Requisite variety and the handling of uncertainty as an invitation to dance with the world

As I wrote in my previous post, I am currently working on designing a series of interventions that should support learners in developing openness. For quite some time I have done a bit of thinking in order to understand how to approach this task, which in the end is eminently practical.

One big issue that I have encountered is that we have ambiguous feelings towards uncertainty. Sometimes we love it, sometimes we hate it. So, I started thinking, if there is, say, “bad” uncertainty, which is clearly distinct from “good” uncertainty. For example, I would like to have a stable job. In that department of my life I prefer certainty. But in other departments, I’d prefer uncertainty. For example, I can hardly submit myself to situations in which everything is already decided. No freedom, no room for exploration. So, what’s the deal?

As I started reflecting on uncertainty, I came up, though, with a different perspective. Or, better, I started entertaining the idea that perhaps the problem lies in the fact that we simply lack the proper “tools” to face uncertainty. And that causes us to withdraw or refrain from facing uncertainty. In other words, we may see uncertainty as something “bad”, simply because we lack the possibility to leverage on it. (Interestingly, Taleb stressed that it’s the way in which we are exposed to uncertainty that can be said to be good or bad.)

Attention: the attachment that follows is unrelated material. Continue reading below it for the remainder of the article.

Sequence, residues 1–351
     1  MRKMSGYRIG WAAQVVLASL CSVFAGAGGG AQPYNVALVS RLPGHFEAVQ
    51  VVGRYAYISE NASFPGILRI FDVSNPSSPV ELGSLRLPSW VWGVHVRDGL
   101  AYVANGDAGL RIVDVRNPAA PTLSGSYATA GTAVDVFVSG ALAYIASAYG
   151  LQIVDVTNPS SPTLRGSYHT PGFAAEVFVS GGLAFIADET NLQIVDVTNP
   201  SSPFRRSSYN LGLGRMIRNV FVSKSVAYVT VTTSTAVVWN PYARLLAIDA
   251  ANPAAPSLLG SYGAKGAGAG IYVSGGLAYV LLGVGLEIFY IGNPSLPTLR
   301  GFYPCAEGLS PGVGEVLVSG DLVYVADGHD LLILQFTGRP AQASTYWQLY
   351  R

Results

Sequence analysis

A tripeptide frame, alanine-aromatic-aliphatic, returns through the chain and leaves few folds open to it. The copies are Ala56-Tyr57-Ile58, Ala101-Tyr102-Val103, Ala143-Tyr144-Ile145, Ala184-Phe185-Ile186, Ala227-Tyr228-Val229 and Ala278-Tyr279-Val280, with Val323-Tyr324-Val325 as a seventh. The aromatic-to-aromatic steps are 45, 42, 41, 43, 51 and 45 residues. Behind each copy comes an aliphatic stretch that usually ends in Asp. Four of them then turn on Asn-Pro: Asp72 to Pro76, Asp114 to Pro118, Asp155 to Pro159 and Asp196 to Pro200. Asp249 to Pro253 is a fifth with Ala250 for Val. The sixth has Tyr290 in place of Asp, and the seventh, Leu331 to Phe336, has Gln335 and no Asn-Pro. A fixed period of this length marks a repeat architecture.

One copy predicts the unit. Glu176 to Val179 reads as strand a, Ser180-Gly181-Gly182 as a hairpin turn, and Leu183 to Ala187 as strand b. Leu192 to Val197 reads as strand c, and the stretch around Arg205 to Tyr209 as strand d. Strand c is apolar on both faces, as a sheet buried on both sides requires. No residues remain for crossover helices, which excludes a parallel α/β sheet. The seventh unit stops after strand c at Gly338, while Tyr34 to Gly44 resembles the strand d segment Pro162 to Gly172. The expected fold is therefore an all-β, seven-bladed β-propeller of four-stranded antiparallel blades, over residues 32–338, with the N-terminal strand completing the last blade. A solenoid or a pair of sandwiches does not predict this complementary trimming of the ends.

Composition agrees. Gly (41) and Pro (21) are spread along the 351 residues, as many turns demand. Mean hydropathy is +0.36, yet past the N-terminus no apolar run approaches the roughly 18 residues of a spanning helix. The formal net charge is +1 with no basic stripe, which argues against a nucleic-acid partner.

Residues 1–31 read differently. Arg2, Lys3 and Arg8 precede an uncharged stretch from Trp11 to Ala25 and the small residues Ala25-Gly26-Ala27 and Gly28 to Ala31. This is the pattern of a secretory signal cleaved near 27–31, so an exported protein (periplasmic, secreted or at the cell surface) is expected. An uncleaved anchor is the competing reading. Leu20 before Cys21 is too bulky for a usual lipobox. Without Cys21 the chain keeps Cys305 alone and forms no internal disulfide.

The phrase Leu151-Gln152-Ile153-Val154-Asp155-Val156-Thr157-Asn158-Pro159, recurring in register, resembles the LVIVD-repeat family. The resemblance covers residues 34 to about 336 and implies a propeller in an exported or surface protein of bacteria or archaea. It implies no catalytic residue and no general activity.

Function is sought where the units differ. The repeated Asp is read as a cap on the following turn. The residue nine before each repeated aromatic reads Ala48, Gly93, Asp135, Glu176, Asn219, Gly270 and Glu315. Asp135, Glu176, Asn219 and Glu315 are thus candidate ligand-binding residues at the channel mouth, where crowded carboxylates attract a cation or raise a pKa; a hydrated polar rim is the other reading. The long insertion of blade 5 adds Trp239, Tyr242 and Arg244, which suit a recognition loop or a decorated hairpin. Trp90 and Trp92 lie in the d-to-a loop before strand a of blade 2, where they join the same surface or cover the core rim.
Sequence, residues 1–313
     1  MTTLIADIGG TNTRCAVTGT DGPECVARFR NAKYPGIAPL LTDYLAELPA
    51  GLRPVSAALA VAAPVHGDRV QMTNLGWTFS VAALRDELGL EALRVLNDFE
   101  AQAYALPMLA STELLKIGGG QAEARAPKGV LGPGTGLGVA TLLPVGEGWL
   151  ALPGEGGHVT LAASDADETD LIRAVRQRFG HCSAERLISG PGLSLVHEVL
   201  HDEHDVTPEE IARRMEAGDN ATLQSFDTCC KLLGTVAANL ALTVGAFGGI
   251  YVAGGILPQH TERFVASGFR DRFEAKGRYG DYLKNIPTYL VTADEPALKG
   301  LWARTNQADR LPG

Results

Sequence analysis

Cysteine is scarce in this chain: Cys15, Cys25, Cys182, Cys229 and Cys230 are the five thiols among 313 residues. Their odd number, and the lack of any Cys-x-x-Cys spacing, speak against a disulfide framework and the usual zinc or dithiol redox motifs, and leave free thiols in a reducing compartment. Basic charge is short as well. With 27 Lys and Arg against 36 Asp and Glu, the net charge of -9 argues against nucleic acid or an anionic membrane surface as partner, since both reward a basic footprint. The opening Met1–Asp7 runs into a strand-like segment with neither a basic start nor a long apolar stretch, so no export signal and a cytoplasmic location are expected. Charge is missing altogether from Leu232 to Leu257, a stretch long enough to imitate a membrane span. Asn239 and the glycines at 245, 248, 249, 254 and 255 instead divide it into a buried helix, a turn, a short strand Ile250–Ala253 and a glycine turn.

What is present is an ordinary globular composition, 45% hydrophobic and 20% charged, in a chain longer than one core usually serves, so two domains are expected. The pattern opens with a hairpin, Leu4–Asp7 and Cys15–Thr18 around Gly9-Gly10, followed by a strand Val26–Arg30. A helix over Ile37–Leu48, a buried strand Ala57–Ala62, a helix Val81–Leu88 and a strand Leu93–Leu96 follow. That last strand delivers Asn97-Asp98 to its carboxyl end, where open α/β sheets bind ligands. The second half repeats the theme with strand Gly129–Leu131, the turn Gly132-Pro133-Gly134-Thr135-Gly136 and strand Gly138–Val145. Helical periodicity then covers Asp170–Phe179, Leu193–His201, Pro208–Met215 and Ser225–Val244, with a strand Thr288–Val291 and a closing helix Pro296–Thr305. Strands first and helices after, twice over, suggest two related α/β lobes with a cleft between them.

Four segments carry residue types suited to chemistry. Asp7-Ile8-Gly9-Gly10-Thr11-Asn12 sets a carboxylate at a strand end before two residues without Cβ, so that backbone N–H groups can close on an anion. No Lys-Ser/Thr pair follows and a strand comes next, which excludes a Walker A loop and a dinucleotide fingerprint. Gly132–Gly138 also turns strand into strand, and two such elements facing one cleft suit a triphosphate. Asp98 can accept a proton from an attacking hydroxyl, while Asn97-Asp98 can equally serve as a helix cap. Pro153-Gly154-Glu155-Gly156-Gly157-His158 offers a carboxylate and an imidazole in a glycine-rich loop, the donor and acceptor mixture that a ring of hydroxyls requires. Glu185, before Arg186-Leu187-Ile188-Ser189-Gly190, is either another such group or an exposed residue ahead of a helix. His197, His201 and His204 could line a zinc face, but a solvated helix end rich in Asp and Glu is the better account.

The example I came up with in my previous post is the following: imagine that you are told to write down your thoughts regarding the film that you watched yesterday. But then you are told that you cannot delete anything that you have written down. So, everything will stay. You cannot delete words, you cannot rearrange paragraphs, you cannot edit your text, etc.. Now, imagine that this is part of an assignment. So, your text will be actually assessed by somebody else. Starting to feel anxious?

Imagine now that you are told that this is all a prank. You can actually edit your text and take the time you need to do so. Imagine also that you are told that you are not going to be assessed. Most likely, the pressure you have previously experience will simply go off. What a relief! Now you can focus on sharing thoughts and impressions about the film.